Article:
Wednesday, September 30, 2020

Covid-19 Recession Endangers Black Wealth

First, the good news. The median net worth of Black households climbed 33 percent between 2016 and 2019, after adjusting for inflation. This was a much bigger increase than the 18 percent rise in the median net worth of all households during those years and far surpassed the 3 percent increase in the median net worth of non-Hispanic white households.

There's more good news. The wealth gap between non-Hispanic whites and Blacks narrowed between 2016 and 2019. Non-Hispanic white households had 10 times the wealth of Blacks in 2016. They had only 8 times the wealth in 2019.

Now for the bad news. The median net worth of Black households was just $24,100 in 2019. Sure, this is 33 percent more than in 2016, but it isn't much of a buffer during a pandemic. 

Median household net worth by race and Hispanic origin of householder, 2019
Non-Hispanic whites: $189,100
Hispanics: $36,100
Blacks: $24,100

Now for the really bad news. The gains made by Black households in the past few years are endangered by the coronavirus pandemic. To start with, Black households had less of a financial buffer than non-Hispanic whites or Hispanics. Now, the buffer is eroding in the struggle to stay afloat during the Covid-19 Recession.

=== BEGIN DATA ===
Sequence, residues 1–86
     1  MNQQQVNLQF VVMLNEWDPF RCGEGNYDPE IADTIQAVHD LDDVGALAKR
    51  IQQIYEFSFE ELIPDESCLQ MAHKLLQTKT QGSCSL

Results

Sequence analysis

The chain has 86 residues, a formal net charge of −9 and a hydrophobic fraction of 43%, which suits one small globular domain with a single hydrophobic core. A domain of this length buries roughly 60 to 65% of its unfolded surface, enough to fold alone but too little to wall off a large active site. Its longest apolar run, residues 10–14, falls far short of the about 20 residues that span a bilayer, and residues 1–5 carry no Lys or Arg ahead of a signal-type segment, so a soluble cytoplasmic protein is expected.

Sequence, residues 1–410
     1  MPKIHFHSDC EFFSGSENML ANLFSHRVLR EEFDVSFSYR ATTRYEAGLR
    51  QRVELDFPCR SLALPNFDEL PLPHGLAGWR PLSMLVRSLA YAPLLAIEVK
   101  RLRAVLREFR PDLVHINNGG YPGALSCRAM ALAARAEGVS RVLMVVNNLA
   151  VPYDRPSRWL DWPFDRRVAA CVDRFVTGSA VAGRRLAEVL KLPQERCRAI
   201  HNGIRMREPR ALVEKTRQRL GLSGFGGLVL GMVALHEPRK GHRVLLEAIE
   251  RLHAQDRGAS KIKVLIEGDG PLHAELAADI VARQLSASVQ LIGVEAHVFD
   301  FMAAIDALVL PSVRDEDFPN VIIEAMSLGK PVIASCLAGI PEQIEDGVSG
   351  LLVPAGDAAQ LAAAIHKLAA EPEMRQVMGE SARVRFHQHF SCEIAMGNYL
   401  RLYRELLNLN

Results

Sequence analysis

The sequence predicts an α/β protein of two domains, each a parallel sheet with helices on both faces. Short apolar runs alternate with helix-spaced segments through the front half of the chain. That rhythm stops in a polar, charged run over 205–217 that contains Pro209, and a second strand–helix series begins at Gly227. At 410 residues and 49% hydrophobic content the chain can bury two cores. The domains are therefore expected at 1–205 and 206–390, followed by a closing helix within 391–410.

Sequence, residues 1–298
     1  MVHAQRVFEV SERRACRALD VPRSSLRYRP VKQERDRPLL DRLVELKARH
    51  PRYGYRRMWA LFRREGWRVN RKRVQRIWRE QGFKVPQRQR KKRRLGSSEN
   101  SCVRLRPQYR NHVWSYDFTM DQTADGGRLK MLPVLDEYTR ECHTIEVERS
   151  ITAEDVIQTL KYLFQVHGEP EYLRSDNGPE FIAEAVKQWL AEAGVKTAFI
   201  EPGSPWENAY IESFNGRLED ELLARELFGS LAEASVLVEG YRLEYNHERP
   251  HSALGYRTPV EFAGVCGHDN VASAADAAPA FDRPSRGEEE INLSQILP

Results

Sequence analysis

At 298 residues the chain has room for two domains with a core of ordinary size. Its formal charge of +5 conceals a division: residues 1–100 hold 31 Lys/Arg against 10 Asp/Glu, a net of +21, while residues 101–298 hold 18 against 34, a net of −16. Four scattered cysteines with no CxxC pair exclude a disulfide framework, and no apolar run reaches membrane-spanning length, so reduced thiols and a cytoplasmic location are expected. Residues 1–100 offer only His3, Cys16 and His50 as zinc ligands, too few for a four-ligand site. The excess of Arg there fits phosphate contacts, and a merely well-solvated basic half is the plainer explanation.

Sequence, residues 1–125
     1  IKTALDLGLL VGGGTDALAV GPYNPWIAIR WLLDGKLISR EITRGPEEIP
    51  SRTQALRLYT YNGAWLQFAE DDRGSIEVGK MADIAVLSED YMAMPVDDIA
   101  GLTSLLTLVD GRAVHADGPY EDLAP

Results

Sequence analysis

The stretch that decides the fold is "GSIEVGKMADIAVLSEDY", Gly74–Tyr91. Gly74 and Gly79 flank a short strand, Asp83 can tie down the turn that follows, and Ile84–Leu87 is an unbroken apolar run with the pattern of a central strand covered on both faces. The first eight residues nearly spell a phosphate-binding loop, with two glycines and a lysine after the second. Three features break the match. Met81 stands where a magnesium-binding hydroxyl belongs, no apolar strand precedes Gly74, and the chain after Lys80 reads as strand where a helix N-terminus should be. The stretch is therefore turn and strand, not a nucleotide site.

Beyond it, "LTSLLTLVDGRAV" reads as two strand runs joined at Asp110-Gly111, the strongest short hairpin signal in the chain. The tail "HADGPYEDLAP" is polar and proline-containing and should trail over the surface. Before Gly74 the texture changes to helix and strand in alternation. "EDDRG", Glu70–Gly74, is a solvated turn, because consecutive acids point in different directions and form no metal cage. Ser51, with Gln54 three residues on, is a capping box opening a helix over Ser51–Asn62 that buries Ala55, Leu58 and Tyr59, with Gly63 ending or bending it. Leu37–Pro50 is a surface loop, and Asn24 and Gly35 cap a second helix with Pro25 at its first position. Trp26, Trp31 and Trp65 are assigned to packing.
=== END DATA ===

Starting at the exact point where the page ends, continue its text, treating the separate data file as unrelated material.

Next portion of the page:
Blacks have been hit hard by Covid-19—physically and financially. As of mid-September, 1 in 1,020 Blacks has died of coronavirus, according to APM Research Lab—a higher rate than any other race or Hispanic origin group. The 52 percent majority of Blacks say they or someone in their household has experienced a loss of employment income since March 2020, according to the Census Bureau's Household Pulse Survey fielded in September. Thirty-two percent of Blacks expect to lose employment income in their household in the next four weeks. Among Black homeowners, 16 percent could not make last month's mortgage payment. Among Black renters, 24 percent missed last month's rent. Forty-three percent of Blacks have had trouble paying bills during the pandemic, according to a Pew Research Center survey. Forty percent have had to use money from their savings or retirement account to make ends meet. One in three has had to borrow money from friends or family to stay afloat. 

We won't know how much damage the Covid-19 Recession inflicts on Black household wealth until the results of the 2022 Survey of Consumer Finances are released in the fall of 2023. But, it's not looking good. The gains of the past few years may be wiped out. 

Source: Federal Reserve Board, 2019 Survey of Consumer Finances

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